Teen Mom Leah Messer says daughter Ali’s road to muscular dystrophy diagnosis was ‘lonely’ and the pain was ‘unbearable’ – The Sun

LEAH Messer’s daughter Ali Simms had a “long” road of tests and procedures to diagnose her with muscular dystrophy, leaving the Teen Mom 2 star with “unbearable” pain.

Leah, 27, detailed Ali’s struggle with muscular dystrophy, a genetic disease that causes weakness and loss of muscle mass, in her memoir, Hope, Grace & Faith, which is out May 5.

The MTV star wrote that she “knew the moment Ali was born” that there was something more going on than what doctors told her and baby daddy Corey Simms.

During her C-section, Corey asked about his newborn daughter: “What’s wrong with her? There something wrong with her legs.”

Leah explained how Ali’s legs were stuck up over her head and her hands were hyperextended back towards her elbows.

Leah was told this was “fairly common among breech babies” and that was likely her position as the bottom baby in the womb.

She explained how while twin sister Aleeah was “reaching developmental milestones,” Ali, now 10, “just didn’t seem to have the strength.”

The older Ali got, the more she kept falling “further and further behind.”

By her first birthday, she couldn’t bear any weight on her legs.

Leah wrote: “For the first three years of Ali’s life, I felt like I was holding my breath. She was tested for everything from a spinal injury to skeletal and neuromuscular disorders.

"We met with so many different specialists it made our heads spin—geneticists, neurologists, orthopedists, and neuromuscular specialists."

She said her daughter underwent X-rays, bloodwork, genetic testing, muscle biopsies and multiple MRIs.

The reality star wrote: “My maternal instinct was screaming that there was more going on with her than just a developmental delay, but none of the doctors we took her to seemed to be able to tell me why she wasn’t reaching those early milestones.”

She claimed one doctor, without any testing, thought she could have dwarfism, down syndrome or spina bifida.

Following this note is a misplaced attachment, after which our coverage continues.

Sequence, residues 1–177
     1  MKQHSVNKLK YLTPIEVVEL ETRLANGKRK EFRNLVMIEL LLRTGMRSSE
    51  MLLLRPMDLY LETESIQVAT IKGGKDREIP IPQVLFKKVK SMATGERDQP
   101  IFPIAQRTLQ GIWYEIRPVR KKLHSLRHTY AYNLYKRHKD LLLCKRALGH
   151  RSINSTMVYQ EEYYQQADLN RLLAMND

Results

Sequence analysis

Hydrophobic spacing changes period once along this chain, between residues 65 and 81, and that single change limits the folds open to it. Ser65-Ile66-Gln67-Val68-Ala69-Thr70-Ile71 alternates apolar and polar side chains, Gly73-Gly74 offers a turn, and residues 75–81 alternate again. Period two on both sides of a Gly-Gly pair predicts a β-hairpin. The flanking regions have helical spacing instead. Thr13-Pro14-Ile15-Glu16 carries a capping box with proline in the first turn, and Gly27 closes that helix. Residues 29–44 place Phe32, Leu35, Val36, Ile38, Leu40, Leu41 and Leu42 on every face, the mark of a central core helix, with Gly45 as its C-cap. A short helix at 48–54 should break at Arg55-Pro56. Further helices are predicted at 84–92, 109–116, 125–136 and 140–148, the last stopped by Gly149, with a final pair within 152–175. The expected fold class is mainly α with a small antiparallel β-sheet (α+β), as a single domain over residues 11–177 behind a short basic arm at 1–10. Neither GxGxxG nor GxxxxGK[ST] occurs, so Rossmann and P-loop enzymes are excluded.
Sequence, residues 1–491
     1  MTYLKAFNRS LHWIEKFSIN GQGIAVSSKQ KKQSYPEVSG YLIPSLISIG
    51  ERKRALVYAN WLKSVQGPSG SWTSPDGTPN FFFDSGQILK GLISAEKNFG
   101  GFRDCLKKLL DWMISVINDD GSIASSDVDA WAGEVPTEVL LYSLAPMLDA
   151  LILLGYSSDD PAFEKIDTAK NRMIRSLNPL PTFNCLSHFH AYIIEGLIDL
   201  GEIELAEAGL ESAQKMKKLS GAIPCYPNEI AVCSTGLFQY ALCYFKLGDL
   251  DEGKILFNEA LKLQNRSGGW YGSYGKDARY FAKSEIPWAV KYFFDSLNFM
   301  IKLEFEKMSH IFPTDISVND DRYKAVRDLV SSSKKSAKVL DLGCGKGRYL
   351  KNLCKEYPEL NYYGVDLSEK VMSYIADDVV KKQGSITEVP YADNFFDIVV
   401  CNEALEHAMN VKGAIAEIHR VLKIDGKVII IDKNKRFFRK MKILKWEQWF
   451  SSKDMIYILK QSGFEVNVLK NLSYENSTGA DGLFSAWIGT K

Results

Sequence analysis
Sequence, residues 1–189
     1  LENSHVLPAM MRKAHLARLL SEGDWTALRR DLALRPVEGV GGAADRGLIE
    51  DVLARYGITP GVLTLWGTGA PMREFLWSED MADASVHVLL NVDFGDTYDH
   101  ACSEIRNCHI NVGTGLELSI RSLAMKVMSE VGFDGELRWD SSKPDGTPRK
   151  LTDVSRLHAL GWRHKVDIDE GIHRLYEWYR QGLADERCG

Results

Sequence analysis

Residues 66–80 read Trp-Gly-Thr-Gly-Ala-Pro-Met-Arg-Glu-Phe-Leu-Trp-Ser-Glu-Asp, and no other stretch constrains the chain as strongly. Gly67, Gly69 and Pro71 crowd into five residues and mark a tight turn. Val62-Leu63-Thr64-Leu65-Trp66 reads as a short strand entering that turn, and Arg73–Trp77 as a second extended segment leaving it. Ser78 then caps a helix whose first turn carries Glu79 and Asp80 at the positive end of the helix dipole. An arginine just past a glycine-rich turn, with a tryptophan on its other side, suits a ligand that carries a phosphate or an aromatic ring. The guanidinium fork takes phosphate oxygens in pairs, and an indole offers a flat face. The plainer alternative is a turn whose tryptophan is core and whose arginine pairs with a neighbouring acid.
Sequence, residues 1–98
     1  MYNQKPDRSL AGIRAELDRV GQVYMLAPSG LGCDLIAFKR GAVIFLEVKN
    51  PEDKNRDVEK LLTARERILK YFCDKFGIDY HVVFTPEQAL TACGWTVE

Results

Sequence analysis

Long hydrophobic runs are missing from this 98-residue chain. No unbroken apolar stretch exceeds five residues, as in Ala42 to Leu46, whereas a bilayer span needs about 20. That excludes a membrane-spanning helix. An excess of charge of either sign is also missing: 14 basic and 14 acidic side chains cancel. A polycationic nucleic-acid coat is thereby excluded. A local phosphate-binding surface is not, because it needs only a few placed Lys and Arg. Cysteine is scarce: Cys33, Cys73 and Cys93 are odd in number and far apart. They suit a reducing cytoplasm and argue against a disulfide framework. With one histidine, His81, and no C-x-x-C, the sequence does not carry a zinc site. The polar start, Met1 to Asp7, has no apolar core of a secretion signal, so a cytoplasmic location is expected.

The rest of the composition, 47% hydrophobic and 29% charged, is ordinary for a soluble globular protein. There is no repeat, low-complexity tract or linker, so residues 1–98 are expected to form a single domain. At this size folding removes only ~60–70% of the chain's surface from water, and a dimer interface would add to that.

Leah explained how the road to finding a diagnosis was “long and lonely,” as family, including Corey, insisted she stop putting Ali through testing.

But after Dr. Tsao, who has appeared on Teen Mom 2, gave Ali a muscle biopsy, he diagnosed her with Titin Myopathy.

She explained in the book: “At the time, there were only a handful of adults around the world with the same type of muscular dystrophy, and Ali was the first child ever to be diagnosed.

"With adults, they know that Titin MD can lead to heart and lung failure, but for Ali, we have no idea what to expect as she gets older because she is the research.”

Leah, who is also mom to daughter Adalynn with ex-husband Jeremy Calvert, called the process to get the diagnosis “unbearable,” and she was “angry” that there is no cure.

She wrote: “Every time we had to have Ali tested, it was like having our hearts ripped out of our bodies, especially when she had to be sedated for the MRIs and the muscle biopsy. In those first few years of her life, I just remember feeling helpless all the time."

Leah explained how Aleeah began acting out, as their focus was on Ali.

She would “throw fits, hit and be mean to Ali.”

The twins are “doing a lot better now,” it is “still a daily struggle for both of them.”

She wrote: "I worry all the time that they’re not as close as other twins because of everything they have to go through.

“Ali will see her sister running and doing all the things I have to hold her back from (for her own safe-ty), which is so hard on her. At the same time, Aleeah sees me spending all this time with Ali, taking her to physical therapy and driving to all her doctors’ appointments, which can leave her feeling left out and neglected.”

Leah said all she could do is try to find a “balance” where they know they are loved.

As The Sun exclusively reported, Leah also revealed her suicide attempt by driving off a cliff, her sexual abuse as a child, her abortion secret and her battle with drug use in the memoir.

Source: Read Full Article